Considering hiring overseas talent?
The process of sponsoring a visa for an overseas national is not usually a straightforward one, either for the practice offering employment or the prospective employee.
A new immigration system will be introduced in the UK at the end of 2020, with changes that are yet to be announced. We do know that, as a consequence of Britain's exit from the European Union, the distinction with regard to visa applications between EU nationals and other non-UK nationalities will no longer apply after December 31.
Until then, under the current system, a candidate will typically require a ‘Tier 2’ visa to work in the UK. If an individual is already in the UK on a ‘Tier 4’ student visa, the process is a little more straightforward. But it is still demanding for both employer and student alike.
The situation improved with the addition of ‘all architecture roles’ to the UK government’s Shortage Occupation List (SOC). A practice no longer has to demonstrate that there is no suitable UK candidate for the same position - the ‘resident labour market test’.
However, there are salary thresholds applicable to the granting of a Tier 2 visa: £22,300 for a Part 1 graduate; £24,600 for a Part 2; £29,000 for a Part 3 or newly registered architect with fewer than three years’ experience, and £33,200 for an experienced worker.
Salary thresholds are one of numerous issues that the RIBA has investigated in its research reports Powered by People and Global Talent, Global Reach. The RIBA has been working proactively with the UK government to try to ensure that the new immigration system of 2021 is supportive of architects.
“Over the last 18 months, we have found it far easier to sponsor employees,” reveals Katie Atkinson, HR Manager and Associate at Grimshaw. “This is mainly due to visa salary requirements being lowered and the skills shortage list addition.”
“Unfortunately this process has become more expensive, while time taken to obtain additional Certificates of Sponsorship and general processing seems to be increasing.”
A practice must obtain a sponsorship licence by applying to the Home Office. There is a fee incurred: £536 for businesses with an annual turnover of less than £10.2m or with fewer than 50 employees, Most of the information required is to establish that the business is genuine and able to support an overseas worker.
Some employers will engage a legal adviser to make sure this process is completed smoothly. One law firm among the many specialists in immigration and employment is Davidson Morris, who publish a guide to the licence application process.
Only holders of a valid sponsorship licence can issue a Certificate of Sponsorship (CoS) to an individual they want to employ under the Tier 2 route. Armed with the CoS and a confirmed job offer, the prospective employee can then apply for a Tier 2 visa.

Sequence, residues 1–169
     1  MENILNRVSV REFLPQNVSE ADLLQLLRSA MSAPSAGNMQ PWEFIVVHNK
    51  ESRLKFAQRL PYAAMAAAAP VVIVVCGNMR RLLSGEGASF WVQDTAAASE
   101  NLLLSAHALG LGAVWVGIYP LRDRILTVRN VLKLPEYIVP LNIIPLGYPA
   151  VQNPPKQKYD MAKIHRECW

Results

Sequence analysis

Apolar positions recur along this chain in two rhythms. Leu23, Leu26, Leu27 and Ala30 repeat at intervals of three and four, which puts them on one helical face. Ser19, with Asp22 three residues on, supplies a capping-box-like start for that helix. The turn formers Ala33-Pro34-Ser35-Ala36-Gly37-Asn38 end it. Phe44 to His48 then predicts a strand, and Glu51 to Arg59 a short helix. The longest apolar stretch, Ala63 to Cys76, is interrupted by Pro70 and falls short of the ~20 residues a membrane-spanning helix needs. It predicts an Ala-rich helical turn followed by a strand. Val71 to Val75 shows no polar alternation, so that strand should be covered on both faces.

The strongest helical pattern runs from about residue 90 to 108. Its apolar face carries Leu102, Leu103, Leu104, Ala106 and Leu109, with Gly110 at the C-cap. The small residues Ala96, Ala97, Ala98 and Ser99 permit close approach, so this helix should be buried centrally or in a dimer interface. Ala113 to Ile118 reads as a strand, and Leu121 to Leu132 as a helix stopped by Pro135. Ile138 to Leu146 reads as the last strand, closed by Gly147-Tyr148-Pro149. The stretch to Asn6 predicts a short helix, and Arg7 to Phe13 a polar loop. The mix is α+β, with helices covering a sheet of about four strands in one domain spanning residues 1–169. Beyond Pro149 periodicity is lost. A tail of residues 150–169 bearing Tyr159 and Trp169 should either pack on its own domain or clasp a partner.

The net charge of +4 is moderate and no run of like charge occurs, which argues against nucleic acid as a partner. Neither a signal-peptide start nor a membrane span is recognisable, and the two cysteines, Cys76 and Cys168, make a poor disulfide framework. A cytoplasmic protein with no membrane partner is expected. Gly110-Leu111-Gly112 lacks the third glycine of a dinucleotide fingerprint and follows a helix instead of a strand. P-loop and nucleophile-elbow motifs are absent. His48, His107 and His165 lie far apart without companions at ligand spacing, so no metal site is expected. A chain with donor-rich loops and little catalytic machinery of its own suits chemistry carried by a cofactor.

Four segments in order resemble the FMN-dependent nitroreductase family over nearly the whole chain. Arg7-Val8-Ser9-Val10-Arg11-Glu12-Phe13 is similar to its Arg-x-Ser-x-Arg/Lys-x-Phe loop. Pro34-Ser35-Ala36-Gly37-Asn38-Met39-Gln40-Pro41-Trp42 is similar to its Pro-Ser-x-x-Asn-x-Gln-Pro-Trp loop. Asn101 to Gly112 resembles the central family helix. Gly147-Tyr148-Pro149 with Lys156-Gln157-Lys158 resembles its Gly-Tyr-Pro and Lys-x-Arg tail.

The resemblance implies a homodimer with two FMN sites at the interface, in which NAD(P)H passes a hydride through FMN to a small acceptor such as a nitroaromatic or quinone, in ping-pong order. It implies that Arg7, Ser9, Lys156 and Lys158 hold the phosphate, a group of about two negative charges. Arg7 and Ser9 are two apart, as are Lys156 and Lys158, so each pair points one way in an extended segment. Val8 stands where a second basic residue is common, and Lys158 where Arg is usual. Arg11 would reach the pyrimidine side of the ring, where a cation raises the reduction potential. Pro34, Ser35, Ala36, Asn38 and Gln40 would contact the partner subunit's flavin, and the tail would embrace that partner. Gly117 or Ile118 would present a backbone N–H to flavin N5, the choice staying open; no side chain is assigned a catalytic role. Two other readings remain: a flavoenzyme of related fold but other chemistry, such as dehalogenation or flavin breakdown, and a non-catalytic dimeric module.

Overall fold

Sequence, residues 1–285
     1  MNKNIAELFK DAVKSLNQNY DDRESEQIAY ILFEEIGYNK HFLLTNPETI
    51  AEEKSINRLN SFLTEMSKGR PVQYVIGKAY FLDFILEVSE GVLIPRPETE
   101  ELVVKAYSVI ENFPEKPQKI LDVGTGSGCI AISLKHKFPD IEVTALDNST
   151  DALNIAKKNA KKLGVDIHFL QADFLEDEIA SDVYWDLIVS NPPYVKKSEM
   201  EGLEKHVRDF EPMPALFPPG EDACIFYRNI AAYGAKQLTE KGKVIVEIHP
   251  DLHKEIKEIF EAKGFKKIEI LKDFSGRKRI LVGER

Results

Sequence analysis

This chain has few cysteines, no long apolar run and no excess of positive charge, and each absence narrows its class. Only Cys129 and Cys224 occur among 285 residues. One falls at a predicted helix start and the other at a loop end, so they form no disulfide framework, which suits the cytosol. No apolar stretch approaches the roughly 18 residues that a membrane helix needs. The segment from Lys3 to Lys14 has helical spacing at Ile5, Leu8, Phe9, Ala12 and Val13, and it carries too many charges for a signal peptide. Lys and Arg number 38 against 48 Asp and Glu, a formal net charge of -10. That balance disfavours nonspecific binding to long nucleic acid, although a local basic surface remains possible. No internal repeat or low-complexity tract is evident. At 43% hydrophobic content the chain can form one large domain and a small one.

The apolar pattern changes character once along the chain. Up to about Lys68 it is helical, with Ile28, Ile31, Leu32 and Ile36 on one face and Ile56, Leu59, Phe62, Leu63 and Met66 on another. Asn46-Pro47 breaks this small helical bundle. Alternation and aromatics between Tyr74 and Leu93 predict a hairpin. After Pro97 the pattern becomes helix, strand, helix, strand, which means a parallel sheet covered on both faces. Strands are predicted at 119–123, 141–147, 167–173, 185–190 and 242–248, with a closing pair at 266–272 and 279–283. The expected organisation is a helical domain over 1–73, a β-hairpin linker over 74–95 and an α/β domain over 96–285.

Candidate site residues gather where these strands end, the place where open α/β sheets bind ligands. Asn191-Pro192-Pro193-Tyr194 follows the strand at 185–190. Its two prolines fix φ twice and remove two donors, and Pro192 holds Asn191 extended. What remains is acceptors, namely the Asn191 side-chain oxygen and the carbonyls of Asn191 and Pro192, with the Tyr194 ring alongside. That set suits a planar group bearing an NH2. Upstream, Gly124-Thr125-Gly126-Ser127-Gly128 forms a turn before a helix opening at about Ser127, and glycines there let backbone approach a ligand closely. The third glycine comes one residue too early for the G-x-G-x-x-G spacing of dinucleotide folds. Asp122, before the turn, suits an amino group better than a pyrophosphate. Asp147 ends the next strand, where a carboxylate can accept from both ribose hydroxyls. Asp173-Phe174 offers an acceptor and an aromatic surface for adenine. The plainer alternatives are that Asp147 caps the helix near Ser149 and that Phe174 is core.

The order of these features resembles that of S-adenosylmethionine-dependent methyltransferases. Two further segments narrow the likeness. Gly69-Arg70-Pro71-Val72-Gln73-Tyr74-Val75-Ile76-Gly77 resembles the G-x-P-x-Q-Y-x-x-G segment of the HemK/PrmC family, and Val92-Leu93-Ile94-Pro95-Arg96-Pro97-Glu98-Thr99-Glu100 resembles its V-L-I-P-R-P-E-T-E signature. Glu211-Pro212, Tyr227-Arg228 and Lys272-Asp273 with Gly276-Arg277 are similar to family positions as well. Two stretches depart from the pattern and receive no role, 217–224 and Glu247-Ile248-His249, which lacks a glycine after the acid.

These are initially granted for three or five years, or for the duration of the employment contract, if shorter. There are conditions for the employers, such as a duty to notify the Home Office of any unexplained absences or a termination of employment, with penalties for any failure to comply.
Barbara Kaucky, chair of the RIBA Small Practice Group, has been through the process. The architectural assistant her practice employed did much of the legwork to obtain the Tier 2 visa, but Kaucky is critical of the inflexibility of the Home Office rules.
“It is a bit like a marriage,” she suggests. “The employee is tied to the practice and cannot move to gain experience elsewhere without beginning the visa application process all over again. This uncertainty puts a lot of pressure on a young architect.”
One common scenario is where a practice wants to offer a job to a Tier 4 student who has been working for them part-time (and perhaps full-time outside of term) on completion of their studies.
Switching from Tier 4 (where the sponsor is the university) to Tier 2 has always been free of the resident labour market test. Tier 4 students with an offer of employment can apply to switch to Tier 2 up to three months before the completion date of their course (degree level is the minimum). Students must remain in the UK during the application process.
“Grimshaw is committed to recruiting the best staff available for all our studios, which means that we inevitably sponsor a large number of our employees for visas,” Katie Atkinson concludes.
The practice will be paying close attention to any news of the government’s plans for the immigration system in 2021.
“Having a wide pool of talent available to us, as well as promoting internal mobility between global studios, means that we constantly work with and evaluate immigration rules as they change over time.”
The Home Office has extensive guidance for employers on sponsoring a Tier 2 worker and for students wanting to switch to Tier 2. Students are recommended to access the UK Council for International Student Affairs for further advice, and to consult any advisers at their school of architecture.
Thanks to Barbara Kaucky, Director, erect architecture; and Katie Atkinson, HR Manager and Associate, Grimshaw.
Text by Neal Morris. This is a Professional Feature edited by the RIBA Practice team. Send us your feedback and ideas
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Posted on 13 February 2020.